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Looking at a series of intimate moments that affect people, the author of three "New York Times" Notable Books offers fresh essays on how everyday lives are shaped by modern capitalism. 2 charts.
Praise for the first edition: "Profoundly original. . .terribly important."--Studs Terkel ""The Managed Heart "is written so accessibly that it appeals to both the academic and the general reader."--Gail Sheehy, "New York Times Book Review " "Perceptive study of 'emotional labor'--jobs like those of [flight attendants], in which workers are trained to use emotion as actors do, but who. . .often end up unsure of what they really feel."--"New York Times "Books of the Year, 1983 "A worthy study of the high, and often hidden, personal costs that people in certain occupations pay for agreeing to treat their feelings as merchandise."--"San Jose Mercury News "
Enough is an ancient 'master concept', which today finds renewed expression in a variety of proposals for a transition to a better world. Each one of us has an innate sense of enough; everybody can play a part in the movement of enough and at the same time improve daily well being. The book is a unique blend of ideas, practice and resources, integrating philosophy, morality, ecology, spirituality, self-help, citizenship, leadership, economics and politics.
This book outlines the history and developments of interactionist social thought through a consideration of its key figures. Arranged chronologically, each chapter illustrates the impact that individual sociologists working within an interactionism framework have had on interactionism as perspective and on the discipline of sociology as such. It presents analyses of interactionist theorists from Georg Simmel through to Herbert Bulmer and Erving Goffman and onto the more recent contributions of Arlie R. Hochschild and Gary Alan Fine. Through an engagement with the latest scholarship this work shows that in a discipline often focused on macrosocial developments and large-scale structures, the interactionist perspective which privileges the study of human interaction has continued relevance. The broad scope of this book will make it an invaluable resource for scholars and students of sociology, social theory, cultural studies, media studies, social psychology, criminology and anthropology.
After the surprising publishing success of the so-called New Atheists, it has become clear that there is a market for critical discussions about religion. A religion is much more complex than a set of beliefs that cannot be proven. as the New Atheists argue. There is in fact, much more to religion and much more to the arguments about its truth claims This book seeks to bring together a range of both critical and apologetic discussions examining some element or function of religion. While half of the contributors present views critical on some aspects of religion, the other half are apologetic in nature. seeking to defend or extend some particular religious argument. Covering a wide range of topics, including ethics, religious pluralism. the existence of God, and the reasonableness of Islam, these chapters all share arguments that are conveyed in care ful and scholarly ways In contrast to the unrcasonableness that creeps into discussions on religion in American society, their goal is to represent reasonable perspectives on a wide swath of contemporary religious debates.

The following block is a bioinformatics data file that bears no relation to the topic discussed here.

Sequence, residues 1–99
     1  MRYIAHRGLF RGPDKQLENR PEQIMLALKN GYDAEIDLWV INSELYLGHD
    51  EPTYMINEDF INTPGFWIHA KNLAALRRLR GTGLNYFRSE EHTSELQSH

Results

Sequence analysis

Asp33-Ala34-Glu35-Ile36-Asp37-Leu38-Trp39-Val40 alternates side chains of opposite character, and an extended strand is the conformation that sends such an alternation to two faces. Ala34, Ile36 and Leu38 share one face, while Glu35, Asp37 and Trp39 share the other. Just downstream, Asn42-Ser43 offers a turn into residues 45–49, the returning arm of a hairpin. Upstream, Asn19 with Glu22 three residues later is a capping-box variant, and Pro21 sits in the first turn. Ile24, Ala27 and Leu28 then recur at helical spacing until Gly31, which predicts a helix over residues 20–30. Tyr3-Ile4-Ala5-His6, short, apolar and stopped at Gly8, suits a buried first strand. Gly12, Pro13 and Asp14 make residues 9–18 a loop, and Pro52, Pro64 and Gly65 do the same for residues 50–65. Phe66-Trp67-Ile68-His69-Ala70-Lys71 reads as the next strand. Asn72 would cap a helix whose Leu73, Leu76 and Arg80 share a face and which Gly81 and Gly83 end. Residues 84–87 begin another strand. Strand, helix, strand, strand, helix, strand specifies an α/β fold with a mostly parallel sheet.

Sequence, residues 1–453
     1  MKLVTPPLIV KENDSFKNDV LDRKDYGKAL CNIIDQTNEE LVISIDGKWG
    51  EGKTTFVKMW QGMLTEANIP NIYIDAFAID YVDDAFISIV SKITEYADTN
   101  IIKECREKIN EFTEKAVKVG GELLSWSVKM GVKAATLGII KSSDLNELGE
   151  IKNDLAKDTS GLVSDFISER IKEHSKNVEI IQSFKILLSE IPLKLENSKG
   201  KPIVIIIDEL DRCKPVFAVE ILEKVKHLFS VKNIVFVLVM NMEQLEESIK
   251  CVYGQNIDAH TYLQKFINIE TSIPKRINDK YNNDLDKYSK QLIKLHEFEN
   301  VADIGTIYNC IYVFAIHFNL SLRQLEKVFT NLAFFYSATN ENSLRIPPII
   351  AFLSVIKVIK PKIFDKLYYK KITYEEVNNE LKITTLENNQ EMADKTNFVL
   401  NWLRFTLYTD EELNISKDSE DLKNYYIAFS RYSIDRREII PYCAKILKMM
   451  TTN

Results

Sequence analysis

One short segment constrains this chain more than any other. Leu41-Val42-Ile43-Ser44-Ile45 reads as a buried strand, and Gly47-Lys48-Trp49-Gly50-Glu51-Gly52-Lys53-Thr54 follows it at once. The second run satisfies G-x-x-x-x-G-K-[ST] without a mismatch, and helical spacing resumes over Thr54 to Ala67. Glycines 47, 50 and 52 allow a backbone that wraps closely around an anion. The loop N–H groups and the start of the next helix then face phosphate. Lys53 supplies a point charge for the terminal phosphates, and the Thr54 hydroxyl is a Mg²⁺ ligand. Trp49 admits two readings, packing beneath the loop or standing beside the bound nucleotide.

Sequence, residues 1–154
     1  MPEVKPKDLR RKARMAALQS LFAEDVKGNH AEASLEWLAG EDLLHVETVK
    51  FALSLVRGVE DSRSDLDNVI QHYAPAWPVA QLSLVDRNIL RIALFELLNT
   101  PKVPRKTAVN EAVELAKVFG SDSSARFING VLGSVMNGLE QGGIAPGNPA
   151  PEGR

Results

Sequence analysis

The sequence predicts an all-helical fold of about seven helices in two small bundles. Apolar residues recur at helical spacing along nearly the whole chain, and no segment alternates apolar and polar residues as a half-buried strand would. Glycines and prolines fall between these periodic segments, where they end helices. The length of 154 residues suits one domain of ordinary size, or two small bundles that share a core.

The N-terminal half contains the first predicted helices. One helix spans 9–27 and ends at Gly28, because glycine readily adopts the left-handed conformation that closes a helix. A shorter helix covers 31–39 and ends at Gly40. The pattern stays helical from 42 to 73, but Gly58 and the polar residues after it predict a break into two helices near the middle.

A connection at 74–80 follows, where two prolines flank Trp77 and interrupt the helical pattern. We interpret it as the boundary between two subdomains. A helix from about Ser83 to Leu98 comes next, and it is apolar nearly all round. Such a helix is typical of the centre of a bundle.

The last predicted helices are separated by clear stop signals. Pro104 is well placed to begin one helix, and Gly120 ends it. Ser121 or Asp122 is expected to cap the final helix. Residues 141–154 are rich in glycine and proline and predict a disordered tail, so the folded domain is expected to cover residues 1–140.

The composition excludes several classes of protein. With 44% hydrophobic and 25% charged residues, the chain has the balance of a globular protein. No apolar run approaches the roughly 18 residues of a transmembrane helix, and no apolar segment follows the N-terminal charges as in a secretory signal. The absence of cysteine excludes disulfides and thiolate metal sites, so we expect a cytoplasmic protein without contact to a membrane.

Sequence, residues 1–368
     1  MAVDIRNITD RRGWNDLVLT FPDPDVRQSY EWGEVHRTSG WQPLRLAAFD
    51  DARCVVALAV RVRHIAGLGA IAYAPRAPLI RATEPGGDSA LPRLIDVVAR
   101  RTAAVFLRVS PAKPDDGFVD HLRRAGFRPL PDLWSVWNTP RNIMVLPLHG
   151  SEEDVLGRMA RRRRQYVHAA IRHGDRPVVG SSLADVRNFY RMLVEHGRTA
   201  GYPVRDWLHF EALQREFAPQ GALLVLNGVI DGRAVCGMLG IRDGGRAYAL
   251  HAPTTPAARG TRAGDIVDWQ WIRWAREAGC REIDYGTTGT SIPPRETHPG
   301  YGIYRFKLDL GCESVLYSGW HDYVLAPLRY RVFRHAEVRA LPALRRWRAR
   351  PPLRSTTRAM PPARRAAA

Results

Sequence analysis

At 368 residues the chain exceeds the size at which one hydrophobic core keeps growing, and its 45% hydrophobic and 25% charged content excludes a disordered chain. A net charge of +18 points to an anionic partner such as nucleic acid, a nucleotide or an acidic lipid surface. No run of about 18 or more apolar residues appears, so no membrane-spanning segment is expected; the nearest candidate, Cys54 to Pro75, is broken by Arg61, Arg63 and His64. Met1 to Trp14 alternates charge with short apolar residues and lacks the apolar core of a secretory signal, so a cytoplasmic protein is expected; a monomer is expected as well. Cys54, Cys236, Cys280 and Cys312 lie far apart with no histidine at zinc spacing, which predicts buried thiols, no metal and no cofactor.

The concept of emotional labour has largely emerged from the analysis of organizations in the West. However, little has been written about the issue of what defines emotional labour and how it is configured in different cultural contexts. This book addresses this gap in the literature and considers how, and in what ways, emotional labour characterises formal and informal work environments in Southeast Asia.
Why doesn't self-help help? Cultural critic Micki McGee puts forward this paradoxical question as she looks at a world where the market for self-improvement products--books, audiotapes, and extreme makeovers--is exploding, and there seems to be no end in sight. Rather than seeing narcissism at the root of the self-help craze, as others have contended, McGee shows a nation relying on self-help culture for advice on how to cope in an increasingly volatile and competitive work world. Self-Help, Inc. reveals how makeover culture traps Americans in endless cycles of self-invention and overwork as they struggle to stay ahead of a rapidly restructuring economic order. A lucid and fascinating treatment of the modern obsession with work and self-improvement, this lively book will strike a chord with its acute diagnosis of the self-help trap and its sharp suggestions for how we can address the alienating conditions of modern work and family life.

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